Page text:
NEFAC REPORT | January 2020
Feb. 7 | 12:30 - 2 p.m. | Renaissance Boston Waterfront Hotel
Sulzberger is the principal steward of the editorial independence and ambition of Times journalism. He was a reporter at The Providence Journal and The Oregonian before joining The Times’s Metro desk in 2009. [...]
Hearst Connecticut spent more than six months digging through 1,600 pages of public documents and filing more than 100 public record requests to investigate abuse allegations connected to the Boys & Girls Clubs. [...]
The students filed a federal lawsuit against Rhode Island state officials — including the governor, legislative leaders and the education commissioner — arguing that the state is failing to provide sufficient civics education. [...]

NEFAC opposes a New Hampshire bill that would require newsrooms to update certain stories about criminal proceedings at the request of those charged with crimes.

“The legislation is unwise, undemocratic and unconstitutional,” wrote Justin Silverman, NEFAC’s executive director in a Jan. 15 letter to state lawmakers. “The bill is a violation of the right to freedom of the press guaranteed by the New Hampshire and United States constitutions.” [...]

Additional Coverage

NEFAC and other advocates asked the U.S. Senate today to reconsider press restrictions during the impeachment trial of President Trump.

“Absent an articulable security rationale,” wrote the groups in a Jan. 16 letter drafted by the Reporters Committee for Freedom of the Press, Senate leaders and security officials “have an obligation to preserve and promote the public’s right to know.” [...]

Additional Coverage

NEFAC recently testified against efforts in Vermont to charge fees for the inspection of public records.

A Vermont Supreme Court decision last year held that citizens are able to inspect records free of charge, but legislators are now considering a change to the law. [...]

Additional Coverage

The start of the new year provides an opportunity to reflect and set out our intentions for the months ahead.

This year, I am asking all legislators to join me in committing to protect and expand access for Vermonters who are seeking access to public records.

The bottom line is: open government is good government! [...]
The Massachusetts Supreme Judicial Court upheld the state’s “fair report” privilege earlier this week confirming that news organizations can fairly and accurately report certain types of governmental action without being liable for claims arising out of those reports.

NEFAC, GateHouse Media, the Massachusetts Newspaper Publishers Association, the Associated Press and the Reporters Committee for Freedom of the Press filed an amicus brief last September. [...]

Additional Coverage

NEFAC recently demanded that the press pass of a White House reporter be restored after it was revoked without meaningful due process.

“The Constitution recognizes that a free press is necessary to keeping the public informed about government activity and protects the right of the press to gather and publish the news,” wrote NEFAC and other advocates in a Jan. 13 amicus brief drafted by the Reporters Committee for Freedom of the Press. [...]
Warning of the dangers that would follow should the lawsuit be upheld, the New England First Amendment Coalition, joined by the Massachusetts Newspaper Publishers Association and the Reporters Committee for Freedom of the Press, among others, stated in an amicus brief that “Massachusetts journalists will no longer be able to report information contained in police blotters, a reliable and frequent source for news coverage about something that is of the utmost public importance — crime. [...]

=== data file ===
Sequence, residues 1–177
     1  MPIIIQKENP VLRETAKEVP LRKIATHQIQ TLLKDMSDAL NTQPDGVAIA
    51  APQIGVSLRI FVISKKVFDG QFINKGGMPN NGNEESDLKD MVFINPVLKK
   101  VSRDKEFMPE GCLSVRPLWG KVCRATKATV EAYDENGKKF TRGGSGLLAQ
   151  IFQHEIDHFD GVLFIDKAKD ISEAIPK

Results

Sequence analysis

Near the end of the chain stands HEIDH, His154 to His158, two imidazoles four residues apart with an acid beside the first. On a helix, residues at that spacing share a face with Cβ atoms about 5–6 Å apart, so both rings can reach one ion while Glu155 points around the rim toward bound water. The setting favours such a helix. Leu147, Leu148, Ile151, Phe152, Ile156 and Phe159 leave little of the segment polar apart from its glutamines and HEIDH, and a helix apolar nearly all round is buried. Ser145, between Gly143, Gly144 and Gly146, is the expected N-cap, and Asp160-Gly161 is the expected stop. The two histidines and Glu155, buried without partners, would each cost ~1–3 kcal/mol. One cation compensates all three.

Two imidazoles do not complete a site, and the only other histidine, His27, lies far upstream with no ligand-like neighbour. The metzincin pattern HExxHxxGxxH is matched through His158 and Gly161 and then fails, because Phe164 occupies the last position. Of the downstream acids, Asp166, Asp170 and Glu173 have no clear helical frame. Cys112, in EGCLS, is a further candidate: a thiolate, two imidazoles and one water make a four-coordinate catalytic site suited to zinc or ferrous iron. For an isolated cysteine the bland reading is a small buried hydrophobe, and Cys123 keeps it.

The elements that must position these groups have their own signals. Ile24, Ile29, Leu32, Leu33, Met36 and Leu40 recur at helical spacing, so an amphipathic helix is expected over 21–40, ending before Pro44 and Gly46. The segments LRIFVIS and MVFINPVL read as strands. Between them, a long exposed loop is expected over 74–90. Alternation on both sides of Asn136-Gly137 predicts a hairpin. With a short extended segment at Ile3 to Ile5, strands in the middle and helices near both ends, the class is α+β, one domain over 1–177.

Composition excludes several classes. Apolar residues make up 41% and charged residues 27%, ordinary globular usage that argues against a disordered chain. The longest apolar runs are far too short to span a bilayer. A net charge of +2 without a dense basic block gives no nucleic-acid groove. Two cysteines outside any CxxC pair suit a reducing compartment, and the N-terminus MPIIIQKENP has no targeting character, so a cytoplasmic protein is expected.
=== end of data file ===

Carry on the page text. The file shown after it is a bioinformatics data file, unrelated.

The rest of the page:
Justin Silverman, executive director of the New England First Amendment Coalition, said it would be “simply inexcusable” for public officials to attempt to abuse the public records law and its exemptions. “Falsely claiming an investigation is ongoing as a way to keep records secret violates the law and our trust in public officials,” he said. “When officials abuse the investigatory exemption of the public records law, they prevent us from learning if justice is being served in our communities.” [...]
Justin Silverman, executive director of the New England First Amendment Coalition, called the governor's proposal "excessive." "Sealing off these records for such a long period of time doesn't seem to be in the public's interest," he said. "Access to these records is important, and the state shouldn't be restricting it." [...]
Justin Silverman is an attorney based out of Massachusetts and the executive director of the New England First Amendment Coalition. Silverman said the public needs to know why and how a police officer is involved in a crash. He said there may be some parts of the investigation that are exempt from being public, but not all of it. “You have a police officer who was found to be at fault for the crash. All the more reason that we should have details about the investigation to make sure that police officer was held accountable as any other citizen would be if they were involved in a similar crash,” he said. [...]
Baker’s proposal doesn’t seek to specifically change public records statute, but “we’re dealing with withholding individual certificates and records, which relative to that ruling, strikes me as even more concerning,” said Justin Silverman, the executive director of NEFAC. “There certainly are privacy considerations, but I would rather see those considerations made on a case-by-case basis rather than have a law that wholesale exempts all of these records from disclosure," he said. Plus, he added, "Why do it now?” [...]

White House, Press Relations



Hate Speech, Criminal Prosecution

Anonymous Speech




Carter Texting Case

Secret Recordings of Public Officials



Right-to-Know Law Legislation

Symbolic Speech, Flag Burning